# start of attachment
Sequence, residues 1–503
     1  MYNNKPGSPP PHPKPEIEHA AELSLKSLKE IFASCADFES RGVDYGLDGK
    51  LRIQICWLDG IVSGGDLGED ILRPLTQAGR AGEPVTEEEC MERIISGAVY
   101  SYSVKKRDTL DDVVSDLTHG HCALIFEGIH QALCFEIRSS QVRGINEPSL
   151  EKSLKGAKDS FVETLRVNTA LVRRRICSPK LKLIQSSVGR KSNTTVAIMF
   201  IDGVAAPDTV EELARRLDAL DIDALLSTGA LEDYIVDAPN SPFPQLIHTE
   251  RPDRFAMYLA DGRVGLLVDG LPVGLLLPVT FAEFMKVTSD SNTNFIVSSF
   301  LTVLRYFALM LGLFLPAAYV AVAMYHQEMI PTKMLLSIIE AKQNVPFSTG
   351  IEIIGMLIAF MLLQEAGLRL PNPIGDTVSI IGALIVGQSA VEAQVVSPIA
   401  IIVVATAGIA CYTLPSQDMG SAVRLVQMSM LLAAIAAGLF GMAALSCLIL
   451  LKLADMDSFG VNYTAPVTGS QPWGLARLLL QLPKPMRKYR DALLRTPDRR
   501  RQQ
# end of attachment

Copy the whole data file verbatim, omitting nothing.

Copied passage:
Sequence, residues 1–503
     1  MYNNKPGSPP PHPKPEIEHA AELSLKSLKE IFASCADFES RGVDYGLDGK
    51  LRIQICWLDG IVSGGDLGED ILRPLTQAGR AGEPVTEEEC MERIISGAVY
   101  SYSVKKRDTL DDVVSDLTHG HCALIFEGIH QALCFEIRSS QVRGINEPSL
   151  EKSLKGAKDS FVETLRVNTA LVRRRICSPK LKLIQSSVGR KSNTTVAIMF
   201  IDGVAAPDTV EELARRLDAL DIDALLSTGA LEDYIVDAPN SPFPQLIHTE
   251  RPDRFAMYLA DGRVGLLVDG LPVGLLLPVT FAEFMKVTSD SNTNFIVSSF
   301  LTVLRYFALM LGLFLPAAYV AVAMYHQEMI PTKMLLSIIE AKQNVPFSTG
   351  IEIIGMLIAF MLLQEAGLRL PNPIGDTVSI IGALIVGQSA VEAQVVSPIA
   401  IIVVATAGIA CYTLPSQDMG SAVRLVQMSM LLAAIAAGLF GMAALSCLIL
   451  LKLADMDSFG VNYTAPVTGS QPWGLARLLL QLPKPMRKYR DALLRTPDRR
   501  RQQ